Some Libyan soldiers, reportedly, abandoned their positions in fright and confusion, and officers were slow to give orders.[28] Libyan anti-aircraft fire did not begin until after the planes had passed over their targets.[25][29][30] No Libyan fighters launched,[22] and HARM launches and jamming prevented any of the 2K12 Kub (SA-6), S-75 Dvina (SA-2), S-125 Neva/Pechora (SA-3), or Crotale SAM[21] launches from homing.[22] One SA-6 however was able to track onto an A-6 from VA-34 during the strike on the Jamahiriyah barracks but was evaded successfully.[27]

Within twelve minutes, all United States aircraft were "feet wet" outbound over the Mediterranean. Navy strike aircraft had been recovered aboard their carriers by 02:53 (Libyan time)[note 1] and surviving USAF planes, with the exception of one F-111, which landed in Naval Station Rota, Spain, with an overheated engine, had returned to Britain by 10:10 (Libyan time).[note 1][21] Although the bombing operations were staged out of the UK, Akrotiri was employed in the role of an alternate in case of emergency, and was used as such by at least one aircraft. This led to retaliatory action against the British base.

U.S. forces and targets

Operation results[31][27]
Target Planned Actual
Aircraft Bombing Aircraft Hit Miss
Bab al-Azizia barracks 9× F-111F 36× GBU-10 2,000 lb (910 kg) LGB 3× bombed
1× missed
4× aborts
1× lost
13 3
Murat Sidi Bilal camp 3× F-111F 12× GBU-10 2,000 lb LGB all bombed 12
Tripoli airfield
(fmr. Wheelus Air Base)
6× F-111F 72× Mk 82 500 lb (230 kg) RDB 5× bombed
1× abort
Jamahiriyah (Benghazi) barracks 7× A-6E TRAM VA-34 84× Mk 82 500 lb RDB 6× bombed
1× abort on deck
70 2
Benina airfield 8× A-6E TRAM VA-55 72× Mk 20 500 lb CBU
24× Mk 82 500 lb RDB
6× bombed
2× aborts
60× Mk 20
12× Mk 82
Air defense
Tripoli 6× A-7E Shrike
16× HARM
all aircraft fired 8× Shrike
16× HARM
Benghazi 24× F/A-18A VFA-131, VFA-132

VMFA-314, VMFA-323

20× HARM all aircraft fired 20× HARM
Totals 45 aircraft 300 bombs
48 missiles
35 bombed
1 missed
1 lost
8 aborts
227 hits
5 misses
48 homing missiles
Support Aircraft
Air defense
Tripoli 5x EF-111A ALQ-99 1× partial abort[27]
1x EA-6B VMAQ-2 ALQ-99 None
Benghazi 3x EA-6B (2x VAQ-135/1x VMAQ-2) ALQ-99 None
3x EA-3B VQ-2 EW/AAR None
Early Warning 2x E-2C VAW-123 None
2x E-2C VAW-127 None

Libyan air defenses


The Libyan air defense network was extensive, and included:

Covering Tripoli alone were:





Libyan leader Muammar Gaddafi and his family rushed out of their residence in the Bab al-Azizia compound moments before the bombs dropped, forewarned by a telephone call from Karmenu Mifsud Bonnici, Malta's Prime Minister. Bonnici had been made aware of the presence of the American strike force by Prime Minister Bettino Craxi of Italy; the latter nation had detected the then-unidentified aircraft off the West coast of Sicily and scrambled a flight of F-104 Starfighters to intercept it, discovering the strike force's presence and being warned away by pilots with obvious American accents.[32]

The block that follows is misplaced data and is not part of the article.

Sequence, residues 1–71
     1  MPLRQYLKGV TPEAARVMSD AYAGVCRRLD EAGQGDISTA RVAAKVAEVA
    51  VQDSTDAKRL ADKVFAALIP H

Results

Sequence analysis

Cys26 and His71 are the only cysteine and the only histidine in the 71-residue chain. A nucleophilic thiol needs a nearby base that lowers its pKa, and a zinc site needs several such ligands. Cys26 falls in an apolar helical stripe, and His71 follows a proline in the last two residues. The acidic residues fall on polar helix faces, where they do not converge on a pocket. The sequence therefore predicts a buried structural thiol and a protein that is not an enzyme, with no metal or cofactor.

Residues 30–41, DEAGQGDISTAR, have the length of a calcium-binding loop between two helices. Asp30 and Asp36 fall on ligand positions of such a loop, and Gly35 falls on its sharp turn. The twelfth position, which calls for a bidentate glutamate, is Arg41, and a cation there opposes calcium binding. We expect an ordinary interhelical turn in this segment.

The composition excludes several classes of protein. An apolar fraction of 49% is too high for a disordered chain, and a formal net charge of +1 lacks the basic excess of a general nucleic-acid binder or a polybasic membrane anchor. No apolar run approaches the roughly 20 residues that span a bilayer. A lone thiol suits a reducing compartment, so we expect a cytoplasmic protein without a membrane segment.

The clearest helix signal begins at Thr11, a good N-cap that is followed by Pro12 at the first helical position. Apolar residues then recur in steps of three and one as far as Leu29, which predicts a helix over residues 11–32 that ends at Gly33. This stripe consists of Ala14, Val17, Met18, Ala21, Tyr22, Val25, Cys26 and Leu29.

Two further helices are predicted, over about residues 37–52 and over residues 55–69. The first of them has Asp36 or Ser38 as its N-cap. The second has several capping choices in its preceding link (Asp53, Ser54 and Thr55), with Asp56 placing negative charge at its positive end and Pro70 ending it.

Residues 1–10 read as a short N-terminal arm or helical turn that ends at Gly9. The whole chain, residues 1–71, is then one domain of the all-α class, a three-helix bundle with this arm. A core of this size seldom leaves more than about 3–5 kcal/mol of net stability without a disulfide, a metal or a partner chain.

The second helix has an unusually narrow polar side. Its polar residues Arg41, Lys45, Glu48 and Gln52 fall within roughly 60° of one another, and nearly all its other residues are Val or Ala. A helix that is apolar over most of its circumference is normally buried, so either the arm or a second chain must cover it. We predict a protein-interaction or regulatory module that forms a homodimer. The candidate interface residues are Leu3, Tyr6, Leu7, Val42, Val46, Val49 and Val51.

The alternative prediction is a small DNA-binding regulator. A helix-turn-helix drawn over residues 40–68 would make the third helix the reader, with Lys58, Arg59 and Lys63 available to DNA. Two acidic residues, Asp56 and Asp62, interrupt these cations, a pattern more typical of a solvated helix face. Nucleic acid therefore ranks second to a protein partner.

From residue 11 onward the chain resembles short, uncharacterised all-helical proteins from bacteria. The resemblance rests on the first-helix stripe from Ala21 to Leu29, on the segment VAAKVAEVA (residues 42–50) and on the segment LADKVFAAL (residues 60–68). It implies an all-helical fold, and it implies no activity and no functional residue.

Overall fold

According to medical staff in a nearby hospital, two dozen casualties were brought in wearing military uniforms, and two without uniforms. Total Libyan casualties were estimated at 60, including those at the bombed airbases. An infant girl was among the casualties; her body was shown to American reporters, who were told she was Gaddafi's recently adopted daughter Hana. However, there was and remains much skepticism over the claim.[33][34] She may not have died; the adoption may have been posthumous; or he may have adopted a second daughter and given her the same name after the first one died.[35][36][37][38]



Two U.S. Air Force captains—Fernando L. Ribas-Dominicci and Paul F. Lorence—were killed when their F-111 fighter-bomber (callsign Karma-52) was shot down[39][40] over the Gulf of Sidra. In the hours following the attack, the U.S. military refused to speculate as to whether or not the fighter-bomber had been shot down, with Defense Secretary Caspar Weinberger suggesting that it could have experienced radio trouble or been diverted to another airfield.[41] The next day, the Pentagon had announced it was no longer searching for the F-111 believed to be downed by a Libyan missile.[42] On 25 December 1988, Gaddafi offered to release the body of Lorence to his family through Pope John Paul II. The body, returned in 1989, was identified as Ribas-Dominicci's from dental records. An autopsy conducted in Spain confirmed that he had drowned after his plane was shot down over the Gulf of Sidra. Libya denies that it held Lorence's body. However, Lorence's brother said that he and his mother saw television footage of a Libyan holding a white helmet with the name "Lorence" stenciled on the back.[43] Furthermore, William C. Chasey, who toured the Bab al-Azizia barracks, claimed to have seen two flight suits and helmets engraved with the names "Lorence" and "Ribas-Dominicci", as well as the wreckage of their F-111.[44] Gaddafi declared that the raid was a Libyan victory and stated that three American planes had been shot down, but Karma-52 was the only one that failed to return to base.[3]



In Libya


Gaddafi's announcements


Gaddafi announced that he had "won a spectacular military victory over the United States" and the country was officially renamed the "Great Socialist People's Libyan Arab Jamahiriyah".[45]